brain depended on the amount of sleep known as non-rapid eye movement, a deep,
quiet, slumber marked by large, slow brain waves. This is the sleep that a
person falls into when he or she first goes to sleep and which accounts for
half of sleep in animals of this age. Non-REM sleep alternates with periods of
rapid eye movement, or so-called “dream” sleep, a period marked by rapidly
changing brain waves and rapid bursts of eye movement.

This discovery offers direction for examining the two major hypotheses for how
sleep impacts plasticity. One theory is that patterned neuronal activity
following a period of environmental stimulation is replayed during non-REM
sleep, strengthening neuronal connection changes. The alternative theory, which
could also work in conjunction with the first, is that powerful growth factors,
such as neurotrophins, which are known to be necessary for cortical plasticity,
are released during non-REM sleep.

“Right now we don’t know if these neurotrophins are released during sleep. We
do know that other growth factors are released during sleep and we also known
that these neurotrophins play a role in learning and making the synapses of the
brain stronger and weaker,” says co-author Naoum P. Issa, PhD, a postdoctoral
fellow in the Stryker lab.

In either case, the new evidence that sleep appears to play a significant role
in brain development puts researchers an important step closer to solving a
mystery that has persisted for decades. “Every animal sleeps - even flies may
have a state like sleep. But despite great progress in our understanding of the
regulation and neurobiology of sleep, as well as the consequences of sleep loss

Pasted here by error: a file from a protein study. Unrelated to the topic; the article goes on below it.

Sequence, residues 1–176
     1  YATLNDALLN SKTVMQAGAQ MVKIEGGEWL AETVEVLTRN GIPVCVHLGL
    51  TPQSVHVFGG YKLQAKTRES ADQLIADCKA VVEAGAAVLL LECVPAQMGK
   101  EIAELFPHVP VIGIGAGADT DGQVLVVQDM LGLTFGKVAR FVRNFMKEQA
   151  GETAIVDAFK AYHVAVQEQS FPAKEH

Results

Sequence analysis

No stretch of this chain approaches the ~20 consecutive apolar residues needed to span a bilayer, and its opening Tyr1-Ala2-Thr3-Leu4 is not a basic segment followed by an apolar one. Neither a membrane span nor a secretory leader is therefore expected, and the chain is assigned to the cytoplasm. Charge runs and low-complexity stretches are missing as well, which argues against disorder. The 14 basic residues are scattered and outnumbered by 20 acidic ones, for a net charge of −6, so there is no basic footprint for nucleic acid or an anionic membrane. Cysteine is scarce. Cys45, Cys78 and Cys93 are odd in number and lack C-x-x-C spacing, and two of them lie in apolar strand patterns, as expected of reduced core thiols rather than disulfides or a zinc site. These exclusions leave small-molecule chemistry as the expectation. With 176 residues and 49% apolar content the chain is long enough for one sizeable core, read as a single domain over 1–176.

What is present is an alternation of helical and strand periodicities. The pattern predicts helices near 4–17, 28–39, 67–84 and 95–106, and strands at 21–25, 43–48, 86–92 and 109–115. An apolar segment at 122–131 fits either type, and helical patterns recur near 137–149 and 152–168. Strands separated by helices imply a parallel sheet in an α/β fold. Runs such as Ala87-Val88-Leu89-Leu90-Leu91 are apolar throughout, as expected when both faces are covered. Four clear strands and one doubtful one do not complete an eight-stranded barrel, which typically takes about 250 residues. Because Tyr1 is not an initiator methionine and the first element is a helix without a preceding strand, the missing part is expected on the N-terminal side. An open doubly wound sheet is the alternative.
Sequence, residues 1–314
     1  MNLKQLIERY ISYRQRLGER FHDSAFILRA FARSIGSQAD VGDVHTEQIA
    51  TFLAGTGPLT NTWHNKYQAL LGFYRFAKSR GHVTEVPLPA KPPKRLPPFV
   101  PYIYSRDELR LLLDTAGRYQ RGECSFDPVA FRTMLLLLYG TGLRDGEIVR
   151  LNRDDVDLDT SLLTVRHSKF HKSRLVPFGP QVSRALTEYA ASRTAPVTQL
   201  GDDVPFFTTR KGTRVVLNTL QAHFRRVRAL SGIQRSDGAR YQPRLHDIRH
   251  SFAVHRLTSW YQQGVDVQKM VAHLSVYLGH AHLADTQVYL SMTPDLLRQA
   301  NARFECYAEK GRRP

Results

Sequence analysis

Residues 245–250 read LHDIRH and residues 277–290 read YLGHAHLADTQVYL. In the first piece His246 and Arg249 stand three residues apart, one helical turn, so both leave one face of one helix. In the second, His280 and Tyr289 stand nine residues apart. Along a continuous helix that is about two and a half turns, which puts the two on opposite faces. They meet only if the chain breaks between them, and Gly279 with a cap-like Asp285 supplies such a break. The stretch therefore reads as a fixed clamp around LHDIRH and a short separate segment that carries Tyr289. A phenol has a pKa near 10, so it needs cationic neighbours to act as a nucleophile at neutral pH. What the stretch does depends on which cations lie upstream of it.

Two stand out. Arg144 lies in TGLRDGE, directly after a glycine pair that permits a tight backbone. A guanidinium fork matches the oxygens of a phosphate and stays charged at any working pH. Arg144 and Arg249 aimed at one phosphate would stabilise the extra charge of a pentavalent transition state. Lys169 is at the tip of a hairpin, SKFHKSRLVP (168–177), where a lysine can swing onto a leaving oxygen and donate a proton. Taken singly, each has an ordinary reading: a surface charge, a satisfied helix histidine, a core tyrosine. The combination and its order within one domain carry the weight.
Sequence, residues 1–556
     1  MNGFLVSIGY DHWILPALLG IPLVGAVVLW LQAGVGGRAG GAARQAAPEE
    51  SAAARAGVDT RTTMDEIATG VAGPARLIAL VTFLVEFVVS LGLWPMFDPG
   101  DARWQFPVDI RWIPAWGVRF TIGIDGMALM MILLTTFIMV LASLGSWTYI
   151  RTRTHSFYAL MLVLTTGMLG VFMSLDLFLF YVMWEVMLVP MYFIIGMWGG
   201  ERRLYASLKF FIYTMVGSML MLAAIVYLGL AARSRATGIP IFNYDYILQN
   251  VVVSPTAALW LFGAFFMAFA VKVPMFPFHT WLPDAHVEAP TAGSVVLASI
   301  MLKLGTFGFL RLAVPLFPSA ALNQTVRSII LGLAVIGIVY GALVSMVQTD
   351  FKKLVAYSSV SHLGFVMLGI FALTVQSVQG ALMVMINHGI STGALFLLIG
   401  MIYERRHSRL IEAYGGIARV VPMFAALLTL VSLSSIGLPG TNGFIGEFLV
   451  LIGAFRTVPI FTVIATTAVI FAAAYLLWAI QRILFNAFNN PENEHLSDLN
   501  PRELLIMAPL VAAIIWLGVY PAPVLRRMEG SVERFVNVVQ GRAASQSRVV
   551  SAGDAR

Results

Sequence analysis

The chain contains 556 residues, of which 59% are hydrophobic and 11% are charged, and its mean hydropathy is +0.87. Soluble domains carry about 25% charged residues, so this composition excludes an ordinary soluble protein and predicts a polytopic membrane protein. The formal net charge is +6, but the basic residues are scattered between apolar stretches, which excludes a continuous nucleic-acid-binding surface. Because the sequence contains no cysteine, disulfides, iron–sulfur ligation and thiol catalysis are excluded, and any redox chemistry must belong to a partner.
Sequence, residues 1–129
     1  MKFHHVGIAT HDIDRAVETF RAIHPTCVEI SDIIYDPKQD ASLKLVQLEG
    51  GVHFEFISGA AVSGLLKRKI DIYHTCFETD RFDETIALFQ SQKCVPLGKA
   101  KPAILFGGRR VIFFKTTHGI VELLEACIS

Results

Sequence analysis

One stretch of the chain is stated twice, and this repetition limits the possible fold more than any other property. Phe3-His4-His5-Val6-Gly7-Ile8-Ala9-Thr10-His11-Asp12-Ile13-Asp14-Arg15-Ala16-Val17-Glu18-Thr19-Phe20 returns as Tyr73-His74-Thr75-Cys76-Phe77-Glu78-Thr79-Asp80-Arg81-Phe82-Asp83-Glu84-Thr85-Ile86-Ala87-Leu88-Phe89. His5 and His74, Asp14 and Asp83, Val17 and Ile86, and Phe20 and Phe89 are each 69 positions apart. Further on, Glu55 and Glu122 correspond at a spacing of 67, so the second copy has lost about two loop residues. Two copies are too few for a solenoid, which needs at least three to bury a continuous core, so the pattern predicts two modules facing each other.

on human performance, why the brain needs sleep has remained a mystery,” says

“Speculation has ranged from evolutionary theories - we need sleep to prevent
us from wandering out of our caves in the dark or sleep is just a way of
keeping us inactive for period of time when goblins or saber tooth tigers are
out - to theories having to do with the function of neural networks,” says

Researchers have known that in early development birds and mammals, including
humans, sleep as much as three times the amount as adult birds and mammals. And
they have long suspected that neuronal connections are remodeled during sleep.
Previous studies in humans have shown that sleep and sleep loss influence
learning and memory - two processes thought to depend on neuronal plasticity.
And studies have shown that animals and humans deprived of sleep do not perform
well on memory tasks. Other studies in rodents, birds and humans have suggested
that neuronal activity initiated while awake is reactivated and possibly
consolidated during subsequent sleep.

Other studies have shown that sleep and sleep loss modify the expression of
several genes and gene products that may be important for synaptic plasticity;